THE iconic clock tower at Bangunan Sultan Abdul Samad has bore witness to many historical events. In the series on our articles on “heritage” clock towers, HALIMATUL HAMID, together with photographer AIZUDDIN SAAD, got an insight on Malaysia’s very own “Big Ben”.


The clock tower at Sultan Abdul Samad building has not only withstood the test of time, it has never missed a chime in its 113 years of existence.


The clock’s caretaker, Kunasegaran Velliah, 54, said during the mid-1950′s, the chime of the clock tower could be heard clearly from his home in Bangsar, where he grew up. This was a distance of 4km. “The clock tower does not chime as loud as before. Only visitors and those who work near the building can hear it.”Also known as “Big Ben”, the 40 metre clock tower is topped with a golden dome and flanked by two domed towers on both sides. 


It was constructed during the British administration in 1896 and was launched a year later in Jalan Raja. Since then, it has witnessed many historical events like the lowering of the Union Jack when Malaysia (then Malaya) gained its independence, Merdeka parades throughout the years, New Year’s Eve celebrations, international and local marathons and annual cultural events like Citrawarna.


Kunasegaran, who has been the clock’s caretaker for 35 years, said he winds the bell and clock at the tower on Monday, Wednesday and Friday every week, even on public holidays and during festive seasons. On Saturday mornings, he is there to conduct maintenance work. To wind the clock, Kunasegaran has to climb a black spiral staircase, then three wooden staircases till he reaches the fourth level of the tower where he would find a room.


The clock is in the room, protected from dust and animal droppings while the bell is on the third level. The caretaker said sometimes when he is paged by the guards at the Information, Communication and Culture Ministry to do maintenance work early in the morning he encounters ghostly images. “I would ignore them and continue doing my work. It has never disturbed me before. I would usually say out loud that I’m here just to do work and nothing else,” he related.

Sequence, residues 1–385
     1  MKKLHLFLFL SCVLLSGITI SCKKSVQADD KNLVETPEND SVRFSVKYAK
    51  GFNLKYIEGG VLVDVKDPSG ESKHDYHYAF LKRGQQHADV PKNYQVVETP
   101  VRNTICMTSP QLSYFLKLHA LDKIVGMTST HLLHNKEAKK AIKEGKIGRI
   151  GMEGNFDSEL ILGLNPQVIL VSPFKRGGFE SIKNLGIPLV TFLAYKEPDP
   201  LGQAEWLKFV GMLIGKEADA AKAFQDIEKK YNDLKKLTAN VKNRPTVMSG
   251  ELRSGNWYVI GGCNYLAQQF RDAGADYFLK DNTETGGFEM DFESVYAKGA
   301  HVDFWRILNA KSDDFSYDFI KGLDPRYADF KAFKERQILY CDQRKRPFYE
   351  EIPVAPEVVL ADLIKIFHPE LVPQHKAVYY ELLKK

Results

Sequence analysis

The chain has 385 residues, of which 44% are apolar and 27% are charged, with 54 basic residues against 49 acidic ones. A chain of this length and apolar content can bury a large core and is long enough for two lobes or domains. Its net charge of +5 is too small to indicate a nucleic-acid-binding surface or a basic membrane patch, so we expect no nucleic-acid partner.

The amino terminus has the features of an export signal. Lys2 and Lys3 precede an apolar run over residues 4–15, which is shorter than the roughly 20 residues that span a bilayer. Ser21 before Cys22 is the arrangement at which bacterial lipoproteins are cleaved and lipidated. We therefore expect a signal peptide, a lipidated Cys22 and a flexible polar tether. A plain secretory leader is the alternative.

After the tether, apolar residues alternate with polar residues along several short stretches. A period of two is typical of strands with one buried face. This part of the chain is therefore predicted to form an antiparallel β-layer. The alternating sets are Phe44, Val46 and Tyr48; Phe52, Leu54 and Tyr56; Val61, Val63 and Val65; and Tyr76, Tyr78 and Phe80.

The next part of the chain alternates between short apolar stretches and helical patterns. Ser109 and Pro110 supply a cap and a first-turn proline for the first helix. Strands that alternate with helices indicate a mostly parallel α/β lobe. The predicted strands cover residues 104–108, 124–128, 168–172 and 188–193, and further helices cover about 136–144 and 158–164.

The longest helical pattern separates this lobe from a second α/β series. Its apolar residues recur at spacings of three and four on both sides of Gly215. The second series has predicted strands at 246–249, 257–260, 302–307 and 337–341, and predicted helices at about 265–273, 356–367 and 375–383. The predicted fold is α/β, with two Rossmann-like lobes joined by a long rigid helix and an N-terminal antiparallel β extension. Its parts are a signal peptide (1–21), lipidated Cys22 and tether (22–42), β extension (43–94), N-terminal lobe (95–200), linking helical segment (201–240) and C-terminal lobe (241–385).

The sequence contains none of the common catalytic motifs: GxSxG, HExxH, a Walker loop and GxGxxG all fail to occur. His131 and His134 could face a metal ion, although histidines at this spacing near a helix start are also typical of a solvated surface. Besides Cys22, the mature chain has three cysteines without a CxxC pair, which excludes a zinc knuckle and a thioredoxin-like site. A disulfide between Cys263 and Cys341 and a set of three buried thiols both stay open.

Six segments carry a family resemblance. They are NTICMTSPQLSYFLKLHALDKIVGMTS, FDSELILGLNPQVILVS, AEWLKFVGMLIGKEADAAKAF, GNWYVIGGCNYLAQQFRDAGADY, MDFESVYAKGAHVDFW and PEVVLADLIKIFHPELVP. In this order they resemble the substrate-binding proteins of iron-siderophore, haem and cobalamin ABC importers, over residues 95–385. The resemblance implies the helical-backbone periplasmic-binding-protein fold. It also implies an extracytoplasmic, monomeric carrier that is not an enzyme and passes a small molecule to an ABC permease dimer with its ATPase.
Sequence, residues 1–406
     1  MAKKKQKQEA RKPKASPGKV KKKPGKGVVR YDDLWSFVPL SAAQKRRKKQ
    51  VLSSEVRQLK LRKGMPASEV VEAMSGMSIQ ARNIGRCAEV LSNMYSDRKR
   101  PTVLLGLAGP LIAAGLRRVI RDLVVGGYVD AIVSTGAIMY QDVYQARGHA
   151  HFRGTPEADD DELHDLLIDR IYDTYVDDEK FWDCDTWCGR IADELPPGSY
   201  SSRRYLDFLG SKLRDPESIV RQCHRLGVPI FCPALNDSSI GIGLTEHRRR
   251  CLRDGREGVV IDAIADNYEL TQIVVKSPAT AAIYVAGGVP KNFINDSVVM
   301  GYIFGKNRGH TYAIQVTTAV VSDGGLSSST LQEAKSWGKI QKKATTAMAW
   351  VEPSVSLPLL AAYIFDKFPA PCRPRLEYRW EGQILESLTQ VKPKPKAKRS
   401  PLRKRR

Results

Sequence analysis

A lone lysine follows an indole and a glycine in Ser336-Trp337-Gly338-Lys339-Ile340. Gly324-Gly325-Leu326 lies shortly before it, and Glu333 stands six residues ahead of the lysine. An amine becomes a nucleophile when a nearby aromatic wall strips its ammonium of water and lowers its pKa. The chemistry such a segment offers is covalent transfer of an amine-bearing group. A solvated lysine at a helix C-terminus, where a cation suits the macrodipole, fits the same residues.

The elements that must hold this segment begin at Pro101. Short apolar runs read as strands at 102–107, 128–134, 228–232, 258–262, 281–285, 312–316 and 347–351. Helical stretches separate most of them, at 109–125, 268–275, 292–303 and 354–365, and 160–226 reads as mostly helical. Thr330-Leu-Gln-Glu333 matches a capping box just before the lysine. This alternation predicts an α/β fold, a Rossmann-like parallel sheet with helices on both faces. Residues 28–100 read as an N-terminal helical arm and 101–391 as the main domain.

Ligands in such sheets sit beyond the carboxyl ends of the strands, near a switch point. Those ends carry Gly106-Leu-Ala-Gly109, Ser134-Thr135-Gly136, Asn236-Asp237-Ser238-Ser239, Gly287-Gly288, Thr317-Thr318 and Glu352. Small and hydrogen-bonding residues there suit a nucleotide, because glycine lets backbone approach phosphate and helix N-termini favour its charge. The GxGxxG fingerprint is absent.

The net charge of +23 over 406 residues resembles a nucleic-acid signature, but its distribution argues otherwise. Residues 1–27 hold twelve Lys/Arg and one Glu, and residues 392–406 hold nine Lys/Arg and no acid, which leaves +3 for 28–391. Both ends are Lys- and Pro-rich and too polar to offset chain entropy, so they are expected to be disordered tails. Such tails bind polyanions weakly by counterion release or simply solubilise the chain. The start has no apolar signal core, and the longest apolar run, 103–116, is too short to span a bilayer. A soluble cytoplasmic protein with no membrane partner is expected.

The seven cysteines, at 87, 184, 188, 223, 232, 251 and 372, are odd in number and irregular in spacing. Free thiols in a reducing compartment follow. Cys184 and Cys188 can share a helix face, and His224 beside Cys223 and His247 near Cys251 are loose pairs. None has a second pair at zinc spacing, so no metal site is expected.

He said the clock was imported from South Croydon, Surrey in England and manufactured by Gillett & Johnston (Croydon) Ltd. “The clock is very sensitive and works almost the same way as an old grandfather’s clock. “Before winding the clock I must first wind the bell 320 times,” he said adding that task takes between half an hour to one hour to complete. To wind the clock, a medium-sized weight must be placed to lock the parts and stop the pendulum from moving before pushing the lever clockwise 24 times. “I have to continuously push the lever so that the gears of the clock won’t jam and the weights that churn the clock could go up the cable to meet the weights of the bell.” Kunasegaran said the only time the clock stops is when repair work is being done. “Usually we would stop the clock for a day when we need to change the cables. That only happens once a year.


During Merdeka celebrations, the bell won’t chime for two hours to make way for the parade. “A part from that there has never been any major repair works done and the clock has never missed a ‘ding dong’ in its 113 years. If it is well taken care of, I’m sure it could last another 100 years,” he said.


The bell, which weighs 500kg, is a mixture of brass and copper. It is attached to a wooden beam and is chimed by an iron hammer that weighs 40kg.


Kunasegaran said the second hammer there is no longer used. “It was used to replace the siren during the emergency period. It functions the same way as a church bell and has a long rope where officers could pull to signal people when they see war planes approached.” Kunasegaran said he was the 40th caretaker and was the last of the seven caretakers trained by the Department of Survey and Mapping Malaysia (Jupem) in 1975. “We were trained by our seniors before us, the 1960′s batch. I was just 19 then and my guru was Aziz Shakir. He has retired a long time ago. Now, I am training my replacement before my retirement,” said Kunasegaran.

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